Last week's networking presentation to the Women in Law Committee prompted several questions which I often hear from women, although the principles apply equally to men. Here's one example:
What networking tips do you have for someone who is shy?
For someone who isn't naturally outgoing, networking and other events can be especially daunting - and even painful. This is particularly true when you're new to a group or you're attending an event for the first time and everyone else seems to know each other. They're greeting one another like old friends, and perhaps sharing jokes or stories that an outsider can't relate to. How do you break the ice? Here are some ideas:
Arrive early. When you arrive early, you're not as likely to be intimidated by a room full of people who are already talking, laughing and sharing inside stories. If you're one of the first to arrive, chances are that you'll have an easier time striking up a conversation with the other earlybirds. Don't be afraid to tell them you're new to the group and that you're looking forward to meeting other people.
Seek out the host or group leader. Introduce yourself to the host or group leader. Tell them that this is your first time attending, and that you don't know anyone. Ask them if they can introduce you to a few people in the group.
Bring a friend. If you're uncomfortable talking about yourself or introducing yourself to others, bringing a friend can help ease the pain. Let your friend introduce you and you introduce her. It's often easier to talk about someone else and what they do than it is to talk about yourself. But be careful - avoid the trap of talking only to your friend and ignoring the rest of the group. That defeats the purpose of attending the event.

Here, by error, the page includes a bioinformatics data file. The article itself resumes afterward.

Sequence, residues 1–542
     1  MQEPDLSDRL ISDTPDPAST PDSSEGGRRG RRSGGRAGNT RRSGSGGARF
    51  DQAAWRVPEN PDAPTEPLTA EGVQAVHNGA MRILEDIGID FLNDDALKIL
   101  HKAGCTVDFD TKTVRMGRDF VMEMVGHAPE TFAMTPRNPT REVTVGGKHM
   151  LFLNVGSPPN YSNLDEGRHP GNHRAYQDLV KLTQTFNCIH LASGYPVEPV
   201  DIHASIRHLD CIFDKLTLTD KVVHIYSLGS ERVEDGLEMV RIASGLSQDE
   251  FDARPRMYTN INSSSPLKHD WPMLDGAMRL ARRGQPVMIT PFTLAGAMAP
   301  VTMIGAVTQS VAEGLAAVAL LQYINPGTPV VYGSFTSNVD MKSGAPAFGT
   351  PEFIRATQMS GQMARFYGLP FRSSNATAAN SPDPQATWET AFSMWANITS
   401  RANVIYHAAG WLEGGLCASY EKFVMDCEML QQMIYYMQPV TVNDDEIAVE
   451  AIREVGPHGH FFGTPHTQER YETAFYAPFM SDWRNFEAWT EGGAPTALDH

Look for other outsiders. Scan the room for other people standing alone or looking as lost as you are. It's usually more comfortable to approach someone standing alone than it is to try to 'break in' to a group that's already engaged in conversation. Chances are that you aren't the only one who is shy or uncomfortable, and teaming up with someone else can make things easier (see 'bring a friend,' above). Work the room together and introduce one another.
Head for the bar or the food. This suggestion isn't meant as a tactic to hide out - it's meant as a conversation starter. Again, for shy people, approaching one person is usually easier than approaching a group. Standing on line at the bar or the food table is a perfect opportunity to strike up a conversation with the person in front of or behind you in line.
For more suggestions on how to avoid being a wallflower at networking events, see my post, "If You're Going to Attend, Don't be a Wallflower"